Watermelons, Italian Skies and a Real Modern Chypre – Ruth Mastenbroek Amorosa Perfume Review

Italian Alps

Amorosa – Inspired by the mountains and clear turquoise skies of Italy

What exactly is the point of watermelon? It has always seemed to me to be the the most pointless of fruits because it smells and tastes of practically nothing. I’d go as far as saying that it is the worst fruit, along with grapefruit, which is also horrid due to its mouth-screwingly bitter taste. It is my impassioned hatred for watermelon that made Amorosa, the latest fragrance from Ruth Mastenbroek, such a surprise.

Ruth Mastenbroek is a British perfumer, and former President of the British Society of Perfumers, who has created perfumes for a number of niche lines, including Jo Malone, before deciding to go it alone and start her own brand. So far her line consists of two fragrances; RM Eau de Parfum and Amorosa.  Ruth’s philosophy is “to create fragrances that are unique, luxurious and distinctive” [1], and if Amorosa is anything to go by, that is exactly what she does.

Amorosa is inspired by Italy, “its mountains, its clear turquoise skies” [2] and is described as “the seductive scent of a woman in love with life.” [3] It is a fascinating modern chypre that is a unique take on the genre. Not only does it showcase a beautiful watermelon note it does so in an interesting and new way. In an industry where “new” can be an alien concept, this is something absolutely worth celebrating.


Amorosa – A truly modern Chypre

The Notes

Top: Galbanum, Violet Leaf and Watermelon
Heart: Tuberose, Jasmine, Tiare and Ylang Ylang
Base: Vetiver, Patchouli and Amber

How Does it Smell?

Amorosa’s initial blast presents you with a gigantic, effervescent watermelon that is unlike any watermelon you will have ever tried. The sheer fizziness of the note is really something to behold and accents of bitter galbanum really contrast the sweetness and add texture & depth. It’s enough to make you smile, and it certainly made me rethink my hatred for the note/fruit.

It’s the contrast between the sweet, freshness of the watermelon and the richer green notes that makes for such an interesting sniff, and as time goes on it is clear that Amorosa has many a trick up its sleeve. I am of course talking about Amorosa’s beautiful white floral heart.

Oh yeah, that’s right after the watermelon surprise Ruth Mastenbroek has managed to slip in a heart of white flowers, and its a gorgeous one at that, where each flower melds together to create a beautiful floral accord. The white floral accord feel lush and creamy yet sheer at the same time, as if the flowers are being seen through a translucent piece of silk. No single flower stands out, but on occasions strobe-light-like flashes of tuberose flicker clearly in front of you.

A truly mossy base follows the white floral heart and it’s reassuring to see that Amorosa is a real chypre, seeing as so many “modern chypres” fail to follow through to the dry down. A nice, dirty patchouli note mixed with the strong rooty-ness of vetiver provide a strong, earthy base upon which the lighter, more effervescent notes lie, reduced but still apparent and sparking their odours gladly off into that turquoise Italian sky.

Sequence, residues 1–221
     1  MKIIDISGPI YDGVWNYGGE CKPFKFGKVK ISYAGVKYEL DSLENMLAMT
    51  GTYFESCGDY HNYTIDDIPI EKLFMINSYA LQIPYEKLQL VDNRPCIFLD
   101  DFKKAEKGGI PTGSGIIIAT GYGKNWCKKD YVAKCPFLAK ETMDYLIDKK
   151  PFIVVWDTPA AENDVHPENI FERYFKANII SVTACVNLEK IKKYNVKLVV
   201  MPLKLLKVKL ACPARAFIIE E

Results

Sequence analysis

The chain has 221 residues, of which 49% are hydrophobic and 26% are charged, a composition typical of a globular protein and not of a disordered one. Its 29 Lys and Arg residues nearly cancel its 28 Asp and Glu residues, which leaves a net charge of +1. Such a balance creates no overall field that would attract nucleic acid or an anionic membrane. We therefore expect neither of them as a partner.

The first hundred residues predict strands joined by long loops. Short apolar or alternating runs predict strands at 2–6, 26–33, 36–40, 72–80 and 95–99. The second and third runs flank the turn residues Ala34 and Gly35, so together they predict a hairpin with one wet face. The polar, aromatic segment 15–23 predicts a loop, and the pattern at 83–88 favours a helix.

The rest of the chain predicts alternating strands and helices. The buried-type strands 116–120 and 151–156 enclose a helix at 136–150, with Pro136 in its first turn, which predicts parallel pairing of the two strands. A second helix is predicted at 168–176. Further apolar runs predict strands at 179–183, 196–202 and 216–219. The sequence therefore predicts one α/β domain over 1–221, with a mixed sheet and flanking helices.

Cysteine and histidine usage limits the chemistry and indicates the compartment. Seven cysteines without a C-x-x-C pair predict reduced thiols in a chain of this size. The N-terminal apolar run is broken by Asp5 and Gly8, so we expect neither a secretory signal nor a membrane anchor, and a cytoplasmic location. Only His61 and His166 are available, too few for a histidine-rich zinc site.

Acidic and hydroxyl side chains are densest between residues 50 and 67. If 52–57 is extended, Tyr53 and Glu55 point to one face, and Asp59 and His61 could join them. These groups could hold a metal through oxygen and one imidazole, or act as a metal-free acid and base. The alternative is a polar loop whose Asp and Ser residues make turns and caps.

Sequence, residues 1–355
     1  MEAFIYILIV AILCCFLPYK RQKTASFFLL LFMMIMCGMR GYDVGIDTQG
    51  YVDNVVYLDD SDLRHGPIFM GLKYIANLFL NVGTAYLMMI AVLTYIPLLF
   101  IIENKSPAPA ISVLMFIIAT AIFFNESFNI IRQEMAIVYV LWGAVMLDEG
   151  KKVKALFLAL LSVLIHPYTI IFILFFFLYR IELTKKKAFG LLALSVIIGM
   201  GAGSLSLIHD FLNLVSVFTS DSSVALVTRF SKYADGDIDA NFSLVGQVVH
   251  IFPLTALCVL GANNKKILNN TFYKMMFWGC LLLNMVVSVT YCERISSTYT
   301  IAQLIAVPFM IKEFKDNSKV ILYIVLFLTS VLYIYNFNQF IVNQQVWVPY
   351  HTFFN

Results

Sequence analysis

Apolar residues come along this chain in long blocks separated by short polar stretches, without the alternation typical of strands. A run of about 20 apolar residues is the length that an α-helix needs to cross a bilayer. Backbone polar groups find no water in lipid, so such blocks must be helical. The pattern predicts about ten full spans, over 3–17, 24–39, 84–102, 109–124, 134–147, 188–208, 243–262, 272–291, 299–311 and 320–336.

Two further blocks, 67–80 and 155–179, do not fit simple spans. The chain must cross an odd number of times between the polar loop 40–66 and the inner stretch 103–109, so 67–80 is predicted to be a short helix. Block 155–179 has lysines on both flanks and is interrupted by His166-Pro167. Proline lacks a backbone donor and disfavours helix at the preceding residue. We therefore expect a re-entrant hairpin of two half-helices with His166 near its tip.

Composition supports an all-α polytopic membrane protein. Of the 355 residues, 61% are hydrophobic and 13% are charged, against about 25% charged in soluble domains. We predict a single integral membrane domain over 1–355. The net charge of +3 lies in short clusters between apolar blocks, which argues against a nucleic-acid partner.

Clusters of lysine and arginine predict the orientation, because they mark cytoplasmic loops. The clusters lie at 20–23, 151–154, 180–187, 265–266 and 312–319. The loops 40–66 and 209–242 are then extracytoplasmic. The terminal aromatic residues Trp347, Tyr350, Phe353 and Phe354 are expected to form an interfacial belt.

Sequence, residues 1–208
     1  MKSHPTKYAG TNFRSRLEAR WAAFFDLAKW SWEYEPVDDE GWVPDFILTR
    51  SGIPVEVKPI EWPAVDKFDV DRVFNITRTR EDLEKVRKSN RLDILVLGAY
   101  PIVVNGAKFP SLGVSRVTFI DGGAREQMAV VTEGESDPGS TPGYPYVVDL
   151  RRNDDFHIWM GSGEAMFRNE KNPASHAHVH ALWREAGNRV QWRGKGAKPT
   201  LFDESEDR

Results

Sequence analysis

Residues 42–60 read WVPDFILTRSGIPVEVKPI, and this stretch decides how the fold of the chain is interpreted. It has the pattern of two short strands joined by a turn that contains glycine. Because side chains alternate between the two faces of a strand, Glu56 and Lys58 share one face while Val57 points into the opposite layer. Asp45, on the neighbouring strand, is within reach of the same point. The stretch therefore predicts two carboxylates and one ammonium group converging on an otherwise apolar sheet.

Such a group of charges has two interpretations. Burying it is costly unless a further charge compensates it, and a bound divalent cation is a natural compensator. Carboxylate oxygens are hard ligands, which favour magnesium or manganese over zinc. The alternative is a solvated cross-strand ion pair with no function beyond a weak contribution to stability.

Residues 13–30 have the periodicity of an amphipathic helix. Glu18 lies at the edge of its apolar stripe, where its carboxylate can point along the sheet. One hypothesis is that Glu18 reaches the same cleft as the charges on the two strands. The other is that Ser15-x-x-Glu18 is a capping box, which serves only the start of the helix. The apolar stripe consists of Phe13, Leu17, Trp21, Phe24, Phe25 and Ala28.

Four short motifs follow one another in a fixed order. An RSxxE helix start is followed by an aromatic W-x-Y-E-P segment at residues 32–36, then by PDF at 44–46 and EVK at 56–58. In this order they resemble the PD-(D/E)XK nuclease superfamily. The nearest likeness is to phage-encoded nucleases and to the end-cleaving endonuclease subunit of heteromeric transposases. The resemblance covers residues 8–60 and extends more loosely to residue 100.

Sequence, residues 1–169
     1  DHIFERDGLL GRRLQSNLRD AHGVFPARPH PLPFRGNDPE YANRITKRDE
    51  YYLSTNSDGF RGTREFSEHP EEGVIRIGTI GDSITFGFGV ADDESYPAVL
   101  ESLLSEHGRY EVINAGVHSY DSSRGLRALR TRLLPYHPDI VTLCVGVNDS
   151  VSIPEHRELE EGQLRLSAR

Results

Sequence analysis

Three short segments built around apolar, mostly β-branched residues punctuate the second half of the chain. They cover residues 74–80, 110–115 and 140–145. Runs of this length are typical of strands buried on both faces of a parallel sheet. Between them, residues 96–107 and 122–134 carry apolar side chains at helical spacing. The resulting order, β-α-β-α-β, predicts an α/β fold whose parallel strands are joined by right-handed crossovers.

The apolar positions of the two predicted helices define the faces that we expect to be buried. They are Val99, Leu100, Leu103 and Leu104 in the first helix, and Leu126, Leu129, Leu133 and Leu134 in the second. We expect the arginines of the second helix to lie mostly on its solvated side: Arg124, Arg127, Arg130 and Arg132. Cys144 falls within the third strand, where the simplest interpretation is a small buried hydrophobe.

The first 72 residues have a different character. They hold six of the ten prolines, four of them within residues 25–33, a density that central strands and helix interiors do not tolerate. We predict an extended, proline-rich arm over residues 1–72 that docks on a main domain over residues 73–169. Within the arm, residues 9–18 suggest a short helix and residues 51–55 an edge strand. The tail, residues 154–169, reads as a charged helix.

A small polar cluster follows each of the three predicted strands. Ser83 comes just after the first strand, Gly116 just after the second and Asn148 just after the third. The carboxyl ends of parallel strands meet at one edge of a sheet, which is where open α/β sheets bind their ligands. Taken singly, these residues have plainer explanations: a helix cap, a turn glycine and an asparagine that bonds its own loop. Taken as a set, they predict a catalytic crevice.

A good chypre is hard to find nowadays but Ruth Mastenbroek has masterfully created a modern twist on the genre that respects the traditions of the genre but also goes a long way to conquer new ground. The innovative use of unconventional ingredients such as watermelon and tuberose are what make Amorosa so interesting and firmly place Ruth Mastenbroek as a talent to watch.


Amorosa is exclusive to Les Senteurs and is available in 50ml and 100ml Eau de Parfum. Prices range from £60-£80.


Sample, notes,  [1], [2] and Image 2 via Les Senteurs. Image 1 bellavitae.com [3] ruthmastenbroek.com.


18 thoughts on “Watermelons, Italian Skies and a Real Modern Chypre – Ruth Mastenbroek Amorosa Perfume Review

  1. I had seen these new additions to the line stocked at Les Senteurs but to be honest I read and moved on, now I will go back and order samples i think, this one sounds amazing, thank you for highlighting one that I would have otherwise missed. 🙂

  2. Another point of Waternelon is to crumble Feta over it! Mmmm.
    Anyway –
    This sounds fantastic! I was going to ignore this line – it looks absolutely dire visually. I love the sound of fizzy watermelon and not a watery calone note. And as I discovered with Vero’s Rubj – white floral chypres can be amazzzzinnnngg. Can’t wait to try this 😀

    • I’m going to have lots of watermelon recipes to try by the looks of it!

      Eugh, I cannot tell you just how much I adore Rubj, it’s so wonderful! Amorosa is completely different in style but still amazing.

  3. This sounds amazing, T. Thanks for the review, as I had not even heard of this line. Too bad (for me) about the Les S. exclusivity, but I’ve added it to the list for the next time I’m anywhere near there!

    • Sorry for late reply – my comments thing bar has been acting a bit funny!

      Like you I hadn’t heard of the RM line before trying Amorosa but I definitely will be paying attention to it now. Hopefully it will gain wider distribution soon.

  4. Pingback: What Took You So Long? – Guerlain Aqua Allegoria Pamplelune Perfume Review | The Candy Perfume Boy

  5. Pingback: A Wednesday In London « SMELLYTHOUGHTS

Join the Discussion!

Fill in your details below or click an icon to log in:

WordPress.com Logo

You are commenting using your WordPress.com account. Log Out / Change )

Twitter picture

You are commenting using your Twitter account. Log Out / Change )

Facebook photo

You are commenting using your Facebook account. Log Out / Change )

Google+ photo

You are commenting using your Google+ account. Log Out / Change )

Connecting to %s